Long before the printing press, before parchment and papyrus, poetry was a strictly oral form. Many of the features we associate with verse—rhyme, meter, repetition, and extended similes—originated as mnemonic devices for poets and their audiences in times when bards composed extemporaneously from predetermined formulas. And while the image of the Homeric poet, strumming a lyre and narrating the deeds of gods and heroes seems quaint, poetry is still very much an oral art, in cultures traditional and modern. Right this very moment, in cities across the world, poets and audiences gather in bars, cafes, bookstores, temples, and libraries to hear poems spoken, rapped, sung, chanted, etc.
But we no longer assign to the poet god-like power and fame. Those accolades are now reserved for actors and musicians. And while poets are often perfectly good readers of their own work, sometimes there’s nothing so exciting as hearing the utterly distinctive voice of, say, James Earl Jones or Anthony Hopkins, turning over the words of a favorite poem, making them rumble and rustle in ways they never did flat on the page. So today we bring you some modern gods reading the ancient form, beginning with the great, gravel-voiced Tom Waits, who reads the great, gravel-voiced Charles Bukowski’s “The Laughing Heart” (top, full text here). A more perfect union of reader and poet you may never find.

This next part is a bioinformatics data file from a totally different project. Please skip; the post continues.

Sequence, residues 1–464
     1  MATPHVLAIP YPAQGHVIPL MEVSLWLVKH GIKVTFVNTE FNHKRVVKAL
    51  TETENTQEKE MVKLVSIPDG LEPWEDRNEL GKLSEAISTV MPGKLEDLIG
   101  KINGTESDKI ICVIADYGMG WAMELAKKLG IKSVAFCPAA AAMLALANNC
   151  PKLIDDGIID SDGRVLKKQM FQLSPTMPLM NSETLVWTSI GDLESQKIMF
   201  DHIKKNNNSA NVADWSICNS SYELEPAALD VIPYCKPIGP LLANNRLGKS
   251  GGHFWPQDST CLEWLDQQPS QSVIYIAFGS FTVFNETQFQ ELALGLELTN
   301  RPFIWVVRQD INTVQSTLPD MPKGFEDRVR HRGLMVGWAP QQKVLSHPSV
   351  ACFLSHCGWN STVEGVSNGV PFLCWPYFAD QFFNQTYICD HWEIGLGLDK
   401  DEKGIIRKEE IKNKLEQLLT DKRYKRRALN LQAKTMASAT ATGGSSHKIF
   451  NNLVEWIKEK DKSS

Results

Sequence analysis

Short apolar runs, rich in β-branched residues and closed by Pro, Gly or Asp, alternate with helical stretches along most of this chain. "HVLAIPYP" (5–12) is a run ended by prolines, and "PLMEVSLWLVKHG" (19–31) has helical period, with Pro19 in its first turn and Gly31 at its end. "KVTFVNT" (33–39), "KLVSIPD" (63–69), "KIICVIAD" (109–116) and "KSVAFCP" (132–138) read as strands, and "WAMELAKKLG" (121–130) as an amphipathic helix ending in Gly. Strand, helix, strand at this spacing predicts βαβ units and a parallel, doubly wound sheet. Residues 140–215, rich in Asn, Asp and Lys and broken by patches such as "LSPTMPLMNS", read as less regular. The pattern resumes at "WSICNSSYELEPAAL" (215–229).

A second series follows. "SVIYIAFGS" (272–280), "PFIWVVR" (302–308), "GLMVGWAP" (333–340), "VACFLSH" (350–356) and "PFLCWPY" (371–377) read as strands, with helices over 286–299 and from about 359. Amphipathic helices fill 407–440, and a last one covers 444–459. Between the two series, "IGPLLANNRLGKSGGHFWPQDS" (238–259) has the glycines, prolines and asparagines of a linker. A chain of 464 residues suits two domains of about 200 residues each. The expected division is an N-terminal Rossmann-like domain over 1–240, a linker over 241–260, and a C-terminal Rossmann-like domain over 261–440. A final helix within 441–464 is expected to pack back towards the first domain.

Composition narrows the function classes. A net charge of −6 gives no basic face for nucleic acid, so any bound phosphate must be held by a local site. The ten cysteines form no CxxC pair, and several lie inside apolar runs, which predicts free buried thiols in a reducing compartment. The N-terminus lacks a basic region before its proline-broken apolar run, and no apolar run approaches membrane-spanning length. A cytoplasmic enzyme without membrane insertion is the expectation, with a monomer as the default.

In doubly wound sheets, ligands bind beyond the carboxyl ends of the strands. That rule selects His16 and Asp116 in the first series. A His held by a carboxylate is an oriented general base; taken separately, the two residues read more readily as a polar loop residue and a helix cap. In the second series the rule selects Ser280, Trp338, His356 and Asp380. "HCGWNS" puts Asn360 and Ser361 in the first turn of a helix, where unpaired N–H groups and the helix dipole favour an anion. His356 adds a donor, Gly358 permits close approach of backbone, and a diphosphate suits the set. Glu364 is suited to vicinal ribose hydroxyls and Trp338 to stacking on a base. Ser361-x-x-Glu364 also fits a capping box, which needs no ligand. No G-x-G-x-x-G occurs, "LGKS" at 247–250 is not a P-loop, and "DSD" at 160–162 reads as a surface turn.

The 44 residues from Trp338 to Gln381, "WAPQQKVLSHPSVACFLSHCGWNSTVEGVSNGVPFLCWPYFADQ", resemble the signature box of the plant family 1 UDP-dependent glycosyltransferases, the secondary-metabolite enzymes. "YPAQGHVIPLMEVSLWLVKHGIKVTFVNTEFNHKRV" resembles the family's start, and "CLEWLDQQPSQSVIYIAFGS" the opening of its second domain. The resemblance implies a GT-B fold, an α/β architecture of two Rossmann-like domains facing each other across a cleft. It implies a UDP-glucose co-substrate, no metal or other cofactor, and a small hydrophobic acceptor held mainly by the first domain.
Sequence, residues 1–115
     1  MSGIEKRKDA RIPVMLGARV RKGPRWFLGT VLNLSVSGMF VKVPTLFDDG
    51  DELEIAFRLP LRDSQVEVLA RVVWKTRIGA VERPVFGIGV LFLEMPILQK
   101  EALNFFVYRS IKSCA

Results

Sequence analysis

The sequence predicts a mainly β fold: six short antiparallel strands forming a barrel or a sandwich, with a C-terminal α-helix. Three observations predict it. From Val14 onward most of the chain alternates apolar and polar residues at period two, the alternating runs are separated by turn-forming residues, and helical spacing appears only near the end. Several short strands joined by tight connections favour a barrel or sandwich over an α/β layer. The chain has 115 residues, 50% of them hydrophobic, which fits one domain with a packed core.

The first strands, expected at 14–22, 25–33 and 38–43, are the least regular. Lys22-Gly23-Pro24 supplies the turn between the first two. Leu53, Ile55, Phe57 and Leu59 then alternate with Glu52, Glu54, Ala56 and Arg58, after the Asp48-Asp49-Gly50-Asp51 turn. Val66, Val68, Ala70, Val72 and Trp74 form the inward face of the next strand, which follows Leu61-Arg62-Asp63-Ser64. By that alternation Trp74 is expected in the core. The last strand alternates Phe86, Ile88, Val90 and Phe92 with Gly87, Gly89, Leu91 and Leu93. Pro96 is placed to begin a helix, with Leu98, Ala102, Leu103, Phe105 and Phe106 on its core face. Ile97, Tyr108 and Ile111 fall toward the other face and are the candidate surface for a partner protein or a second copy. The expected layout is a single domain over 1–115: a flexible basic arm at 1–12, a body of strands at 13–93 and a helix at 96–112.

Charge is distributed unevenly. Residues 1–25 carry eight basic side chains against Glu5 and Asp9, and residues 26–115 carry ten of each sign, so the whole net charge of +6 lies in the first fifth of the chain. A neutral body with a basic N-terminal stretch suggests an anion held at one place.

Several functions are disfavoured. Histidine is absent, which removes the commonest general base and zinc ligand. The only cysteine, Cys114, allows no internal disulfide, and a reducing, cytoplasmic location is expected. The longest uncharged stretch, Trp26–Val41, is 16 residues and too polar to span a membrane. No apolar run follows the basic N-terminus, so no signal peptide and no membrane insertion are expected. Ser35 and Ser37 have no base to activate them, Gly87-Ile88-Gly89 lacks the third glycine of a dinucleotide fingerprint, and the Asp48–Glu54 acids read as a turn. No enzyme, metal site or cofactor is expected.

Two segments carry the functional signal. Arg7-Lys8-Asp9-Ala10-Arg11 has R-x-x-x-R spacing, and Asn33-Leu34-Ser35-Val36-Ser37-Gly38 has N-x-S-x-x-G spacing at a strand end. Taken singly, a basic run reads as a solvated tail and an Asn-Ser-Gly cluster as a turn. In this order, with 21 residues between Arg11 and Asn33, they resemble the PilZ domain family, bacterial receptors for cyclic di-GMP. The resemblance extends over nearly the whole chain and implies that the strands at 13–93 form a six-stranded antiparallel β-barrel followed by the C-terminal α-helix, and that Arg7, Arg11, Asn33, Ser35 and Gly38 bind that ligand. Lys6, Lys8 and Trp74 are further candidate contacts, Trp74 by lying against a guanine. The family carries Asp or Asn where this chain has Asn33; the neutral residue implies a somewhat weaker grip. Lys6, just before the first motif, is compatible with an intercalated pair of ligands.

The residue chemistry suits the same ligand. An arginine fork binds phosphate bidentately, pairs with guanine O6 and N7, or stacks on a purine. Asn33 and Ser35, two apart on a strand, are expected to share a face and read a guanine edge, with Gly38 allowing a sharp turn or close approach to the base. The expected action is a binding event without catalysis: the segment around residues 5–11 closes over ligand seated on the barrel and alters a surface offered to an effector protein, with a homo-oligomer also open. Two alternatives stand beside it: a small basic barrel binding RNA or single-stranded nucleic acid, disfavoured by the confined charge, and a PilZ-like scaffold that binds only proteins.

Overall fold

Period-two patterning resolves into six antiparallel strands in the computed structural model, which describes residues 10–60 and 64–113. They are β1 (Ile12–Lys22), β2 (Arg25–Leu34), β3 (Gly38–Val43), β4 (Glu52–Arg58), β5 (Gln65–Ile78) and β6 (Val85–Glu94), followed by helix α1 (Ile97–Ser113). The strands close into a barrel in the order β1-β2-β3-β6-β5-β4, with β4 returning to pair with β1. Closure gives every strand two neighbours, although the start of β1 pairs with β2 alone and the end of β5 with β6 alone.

Also above, watch my favorite comic actor, and probably yours, Bill Murray, read my favorite arcane modernist poet, Wallace Stevens. Murray reads Steven’s “The Planet on the Table” and “The Rabbit as the King of Ghosts” (Original text here and here). His unaffected Midwestern voice sounds nothing like Steven’s posh Eastern baritone, but he brings to the poems a genuine tenderness that Stevens’ readings lack.
Finally, the unmistakable voice of Sean Connery (backed by the music of Vangelis) beautifully conveys the epic journey of C.P. Cavafy’s “Ithaca” (above, full text here). These are but three examples of the art of actors reading poets. Below, you’ll find several others, along with a couple of writers—Tennessee Williams and Harold Bloom—thrown in for good measure. Hearing poetry read, and read well, creates space in a widening sea of distractions for that most ancient of human crafts.
- Orson Welles and Richard Burton read Samuel Coleridge’s “The Rime of the Ancient Mariner” (Original text here.)
- Anthony Hopkins reads “The Love Song of J. Alfred Prufrock” (Original text here.)
- Lee Remick reads two of Emily Dickinson’s poems, “This is my letter to the world” and “Dying.”
- Tennessee Williams reads Hart Crane’s “The Broken Tower” and “The Hurricane” (Original text here and here)
- Michael Caine reads Rudyard Kipling’s “If” (Original text here.)
- Sir Anthony Hopkins reads “Do Not Go Gentle Into That Good Night” by Dylan Thomas (Original text here.)
- Bill Murray reads poems by Emily Dickinson, Billy Collins and Lorine Niedecker at a construction site.
- British actors read World War I poetry by Wilfred Owen and Rupert Brooke.
- Harold Bloom recites ‘Tea at the Palaz of Hoon” by Wallace Stevens (Original text here.)